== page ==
Fdny Ems Lt. Alison Russo-Elling Killed In Queens

Flags in New York will be at half-staff today in memory of FDNY EMS Lt. Alison Russo-Elling, who was one of the first responders killed in the September 11 attacks.

The incident occurred at approximately 2:15 p.m. near the intersection of 20th Avenue and Steinway Street in Astoria.

Fdny Ems Lt. Alison Russo-elling Killed In Queens
Fdny Ems Lt. Alison Russo-elling Killed In QueensE

While on duty and waiting outside of FDNY EMS Station 49, Lieutenant Russo-Elling was the victim of a random attack that resulted in his death.

At a press conference, Acting Fire Commissioner Laura Kavanagh said, “Members of EMS serve only to help and save other people’s lives.” For our department, it is devastating and infuriating that they were attacked and killed while trying to help others.

“Over the course of 25 years, she gave her service to the city. In the aftermath of the World Trade Center attack, she was among the first responders sent to the scene. Innumerable praises were heaped upon her for her heroic efforts to save lives. And everyone at work adored her, “As Kavanagh put it.

In 1998, Russo-Elling was given a position in the FDNY as an emergency medical technician. Later in 2002, she was promoted to paramedic, and in 2016, she was made a lieutenant. She spent the last year working as an emergency medical technician at several different stations in the city, including Station 20, Station 17, Station 16, Station 45, Queens Tactical Response, and Station 49.

The lieutenant had prior experience as a rescue paramedic and was thus well-equipped to administer first aid in the field.

The 61-year-family old’s includes her daughter, grandchildren, and her parents, all of whom live on Long Island.

New York City Mayor Eric Adams said, “We lost one of our heroes; she served the city for over 24 years; her assailant has been apprehended and will be held accountable for his actions.”

An outpouring of support and sympathy was visible outside the hospital.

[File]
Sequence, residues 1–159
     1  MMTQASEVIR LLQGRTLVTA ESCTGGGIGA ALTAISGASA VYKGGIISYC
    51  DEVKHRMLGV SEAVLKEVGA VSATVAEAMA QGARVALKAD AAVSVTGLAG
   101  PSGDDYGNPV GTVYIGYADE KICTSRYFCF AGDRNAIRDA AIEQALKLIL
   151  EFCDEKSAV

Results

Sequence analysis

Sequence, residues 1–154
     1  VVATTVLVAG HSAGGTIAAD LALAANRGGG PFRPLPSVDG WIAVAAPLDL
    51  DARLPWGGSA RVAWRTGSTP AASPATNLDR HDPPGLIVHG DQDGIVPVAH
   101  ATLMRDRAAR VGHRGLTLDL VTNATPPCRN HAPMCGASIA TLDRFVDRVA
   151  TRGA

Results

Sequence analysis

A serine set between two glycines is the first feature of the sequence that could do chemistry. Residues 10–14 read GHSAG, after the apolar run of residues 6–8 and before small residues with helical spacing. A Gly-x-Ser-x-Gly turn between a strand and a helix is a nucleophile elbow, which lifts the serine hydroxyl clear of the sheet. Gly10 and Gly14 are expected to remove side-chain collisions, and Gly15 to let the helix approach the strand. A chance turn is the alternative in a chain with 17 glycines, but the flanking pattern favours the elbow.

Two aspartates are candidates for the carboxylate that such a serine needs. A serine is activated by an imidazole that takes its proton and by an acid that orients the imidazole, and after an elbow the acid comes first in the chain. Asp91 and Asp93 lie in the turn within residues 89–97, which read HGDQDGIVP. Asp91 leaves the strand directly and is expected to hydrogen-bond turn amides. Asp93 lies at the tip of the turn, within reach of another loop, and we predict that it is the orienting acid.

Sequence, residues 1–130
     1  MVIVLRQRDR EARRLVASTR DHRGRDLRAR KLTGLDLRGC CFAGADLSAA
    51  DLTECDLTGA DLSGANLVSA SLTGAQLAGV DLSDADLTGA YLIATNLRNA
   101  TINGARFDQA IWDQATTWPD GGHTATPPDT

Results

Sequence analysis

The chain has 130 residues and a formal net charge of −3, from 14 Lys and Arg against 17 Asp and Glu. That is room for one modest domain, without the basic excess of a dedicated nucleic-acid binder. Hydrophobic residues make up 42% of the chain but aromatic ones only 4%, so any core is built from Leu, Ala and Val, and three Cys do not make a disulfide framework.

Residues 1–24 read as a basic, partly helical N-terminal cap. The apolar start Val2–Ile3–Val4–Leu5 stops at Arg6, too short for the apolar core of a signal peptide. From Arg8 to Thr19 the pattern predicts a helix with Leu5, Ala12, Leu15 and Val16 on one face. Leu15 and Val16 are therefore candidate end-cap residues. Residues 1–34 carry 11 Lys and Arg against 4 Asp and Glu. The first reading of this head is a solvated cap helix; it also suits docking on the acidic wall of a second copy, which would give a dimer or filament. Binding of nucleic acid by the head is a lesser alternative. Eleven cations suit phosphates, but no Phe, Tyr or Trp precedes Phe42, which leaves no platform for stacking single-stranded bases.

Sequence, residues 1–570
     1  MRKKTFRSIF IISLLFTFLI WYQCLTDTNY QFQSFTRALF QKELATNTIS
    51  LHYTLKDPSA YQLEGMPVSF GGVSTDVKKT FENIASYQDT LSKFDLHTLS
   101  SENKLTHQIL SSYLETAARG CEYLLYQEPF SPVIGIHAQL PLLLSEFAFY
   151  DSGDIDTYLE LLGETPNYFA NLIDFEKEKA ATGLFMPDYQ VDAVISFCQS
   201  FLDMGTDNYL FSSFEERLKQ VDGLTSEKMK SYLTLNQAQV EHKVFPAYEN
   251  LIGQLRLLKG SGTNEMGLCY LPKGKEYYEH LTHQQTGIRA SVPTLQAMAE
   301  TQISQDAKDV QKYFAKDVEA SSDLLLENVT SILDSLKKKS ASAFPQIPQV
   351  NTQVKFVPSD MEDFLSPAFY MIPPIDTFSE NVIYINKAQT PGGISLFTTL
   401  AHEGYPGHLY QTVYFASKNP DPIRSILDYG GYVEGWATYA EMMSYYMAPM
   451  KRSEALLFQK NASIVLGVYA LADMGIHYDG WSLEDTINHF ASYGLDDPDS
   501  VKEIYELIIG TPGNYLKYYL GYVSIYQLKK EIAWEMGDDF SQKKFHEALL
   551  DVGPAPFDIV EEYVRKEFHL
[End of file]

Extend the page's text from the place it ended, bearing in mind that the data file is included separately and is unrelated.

After hearing that one of their own had been attacked and killed on the job, EMS personnel from the Fire Department of New York gathered at the hospital to console one another and pay their respects.

A prayer circle was held at the hospital entrance, with acting Fire Commissioner Laura Kavanaugh and an FDNY chaplain in attendance. Several people cried, and many more hugged each other.

Peter Zisopoulos, 34, is the suspect in this case, and he has been charged with murder. We have been informed that he is currently participating in a mental health evaluation.

Zisopoulos ran from the scene of the attack and into his apartment on the third floor of the building located at 19-80 41st Street.

The suspect was persuaded to leave the building after negotiations between the hostage negotiation team and the emergency service unit.

His safe passage across the street was facilitated by the police. There was not an expression on his face at all.

His neighbors say he is a loner and that he can often be seen strolling the neighborhood without breaking into a smile or a twitch.

“He seemed to have a routine,” said Camilla Groth, a nearby resident. “Just taking short, solitary strolls around the neighborhood (a radius of two or three blocks), never talking to anyone, and never using his phone. I did take note of that.”

However, he is now being accused of senseless acts of violence. Violence directed at a government official without provocation.
In the wake of Russo’s death, the FDNY Firefighters and Fire Officers unions issued a joint statement:

“The loss of Alison Russo serves as a somber reminder of the perils faced by every member of the FDNY and uniformed services. Every member of the FDNY is devastated by her senseless murder. With heads bowed, we stand in support of our FDNY family during this unimaginably trying time, and we will always be here for them. Our hearts go out to Alison’s friends, family, and coworkers during this difficult time.”

On Thursday evening, Mayor Adams ordered all city flags to be lowered to half-staff in honor of the fallen.

As a further tribute to Lieutenant Russo, New York Governor Kathy Hochul has ordered that flags be flown at half-staff beginning at sunrise on Friday and continuing until after her funeral.

Answer the Call, a charity that helps the families of fallen New York City police and fire personnel, has announced that they will donate $50,000 to Russo’s loved ones.

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